In the movie Pay It Forward a fictional social studies teacher gives an assignment to his junior high class to think of an idea to change the world for the better. Then put it in action.
One student passionately contrives a plan of paying forward good deeds for 3 other people. Choose the people do the good deeds. The story unfolds his actions which not only affects the life of his struggling single mother, but also starts a wave of human kindness that grows into a national movement to change the world.
A feel good movie that stirs in everyone who watches it the good intentions to put the concept into practice. It’s exciting to think that a small act on our part can have big and far reaching impact. But for many that intention just fizzles – it gets parked along with the other “someday” to-dos. That’s how it used to be for me. But I’ve learned something.
When you watch a movie or read a book it summons a response from you. Some you either love, hate or are unaffected by. You’re engaged by the characters and themes or disenchanted with who they are and the lives they live. What if your life was unveiled as a “story”?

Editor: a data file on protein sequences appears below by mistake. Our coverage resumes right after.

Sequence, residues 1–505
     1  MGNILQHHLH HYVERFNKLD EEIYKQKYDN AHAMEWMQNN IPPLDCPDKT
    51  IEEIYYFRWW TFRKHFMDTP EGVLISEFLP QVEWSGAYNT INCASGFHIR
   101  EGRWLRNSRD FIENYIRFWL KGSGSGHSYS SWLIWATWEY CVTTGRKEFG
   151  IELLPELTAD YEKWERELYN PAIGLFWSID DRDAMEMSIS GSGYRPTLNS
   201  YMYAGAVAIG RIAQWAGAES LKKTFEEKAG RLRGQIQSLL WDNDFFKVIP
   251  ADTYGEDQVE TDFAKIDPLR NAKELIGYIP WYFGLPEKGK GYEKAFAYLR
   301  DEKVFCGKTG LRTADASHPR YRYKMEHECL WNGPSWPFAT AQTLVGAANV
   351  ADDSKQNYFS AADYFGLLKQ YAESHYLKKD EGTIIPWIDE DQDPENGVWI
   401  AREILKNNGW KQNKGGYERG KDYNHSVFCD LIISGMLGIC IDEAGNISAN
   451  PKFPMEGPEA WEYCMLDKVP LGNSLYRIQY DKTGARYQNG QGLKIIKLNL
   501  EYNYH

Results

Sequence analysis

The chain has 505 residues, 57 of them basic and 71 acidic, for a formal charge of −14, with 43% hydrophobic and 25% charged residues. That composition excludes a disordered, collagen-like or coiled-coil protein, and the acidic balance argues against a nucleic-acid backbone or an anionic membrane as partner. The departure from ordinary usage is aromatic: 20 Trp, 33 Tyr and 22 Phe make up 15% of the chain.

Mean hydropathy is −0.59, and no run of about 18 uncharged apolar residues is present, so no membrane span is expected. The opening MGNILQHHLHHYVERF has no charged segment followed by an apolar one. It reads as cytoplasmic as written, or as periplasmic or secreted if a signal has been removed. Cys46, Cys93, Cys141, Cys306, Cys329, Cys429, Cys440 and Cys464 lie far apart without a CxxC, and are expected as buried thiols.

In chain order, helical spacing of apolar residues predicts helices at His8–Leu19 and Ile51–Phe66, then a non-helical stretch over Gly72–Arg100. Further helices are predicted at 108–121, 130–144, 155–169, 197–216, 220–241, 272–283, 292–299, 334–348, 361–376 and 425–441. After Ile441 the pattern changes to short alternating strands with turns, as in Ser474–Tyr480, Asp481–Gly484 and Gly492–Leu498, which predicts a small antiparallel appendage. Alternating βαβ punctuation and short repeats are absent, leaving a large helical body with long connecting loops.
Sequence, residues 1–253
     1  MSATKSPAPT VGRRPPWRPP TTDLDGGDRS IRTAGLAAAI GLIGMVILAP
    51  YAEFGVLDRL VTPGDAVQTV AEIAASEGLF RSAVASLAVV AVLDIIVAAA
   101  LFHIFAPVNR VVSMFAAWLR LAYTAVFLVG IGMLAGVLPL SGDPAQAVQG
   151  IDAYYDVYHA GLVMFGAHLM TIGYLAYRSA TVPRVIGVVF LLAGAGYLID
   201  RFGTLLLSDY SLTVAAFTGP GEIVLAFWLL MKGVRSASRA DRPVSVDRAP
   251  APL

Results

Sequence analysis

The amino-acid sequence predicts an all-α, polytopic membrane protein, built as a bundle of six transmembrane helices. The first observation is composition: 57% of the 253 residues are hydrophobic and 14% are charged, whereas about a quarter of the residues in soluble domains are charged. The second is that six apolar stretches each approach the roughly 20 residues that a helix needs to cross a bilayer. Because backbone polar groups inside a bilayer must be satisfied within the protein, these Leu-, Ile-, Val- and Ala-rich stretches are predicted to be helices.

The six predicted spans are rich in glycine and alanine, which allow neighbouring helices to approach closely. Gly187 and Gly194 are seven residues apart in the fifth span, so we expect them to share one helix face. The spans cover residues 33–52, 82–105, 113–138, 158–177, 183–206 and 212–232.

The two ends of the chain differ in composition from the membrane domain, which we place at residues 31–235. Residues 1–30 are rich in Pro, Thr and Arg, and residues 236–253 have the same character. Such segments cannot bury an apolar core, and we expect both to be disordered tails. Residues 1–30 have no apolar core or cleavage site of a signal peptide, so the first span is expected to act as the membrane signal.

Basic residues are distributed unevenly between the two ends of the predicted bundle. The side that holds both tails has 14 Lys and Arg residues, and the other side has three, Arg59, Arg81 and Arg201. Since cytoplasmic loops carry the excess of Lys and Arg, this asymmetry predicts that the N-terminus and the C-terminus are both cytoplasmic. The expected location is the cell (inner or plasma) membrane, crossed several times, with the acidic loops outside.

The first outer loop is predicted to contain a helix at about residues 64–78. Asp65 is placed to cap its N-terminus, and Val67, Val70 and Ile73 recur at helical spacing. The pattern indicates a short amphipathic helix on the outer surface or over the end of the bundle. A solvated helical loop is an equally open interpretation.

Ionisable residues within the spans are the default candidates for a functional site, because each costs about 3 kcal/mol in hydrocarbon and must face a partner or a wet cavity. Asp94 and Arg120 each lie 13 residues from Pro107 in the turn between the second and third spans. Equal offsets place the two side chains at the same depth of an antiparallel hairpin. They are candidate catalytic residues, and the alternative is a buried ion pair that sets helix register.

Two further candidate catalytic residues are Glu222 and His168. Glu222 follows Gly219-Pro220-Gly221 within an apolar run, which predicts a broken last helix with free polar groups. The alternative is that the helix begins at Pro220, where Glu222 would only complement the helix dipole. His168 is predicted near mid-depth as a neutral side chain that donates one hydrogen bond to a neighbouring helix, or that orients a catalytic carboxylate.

Did you know the most impactful and memorable are based on true-life stories? As Joseph Campbell mentions in The Hero With a Thousand Faces it’s human nature to relate to story.
Up until this year my life story was concealed, shared only with those who lived it alongside me. Most of us share safe “bullet points” – basically demographic information that keeps us in a safe zone because we fail to understand the impact of our own story or know how to live a better story. If you think that you are watching a badly lived life unfold before you watch this 2-minute video called A Better Story.
Learning to live and tell a better story are skills we can learn.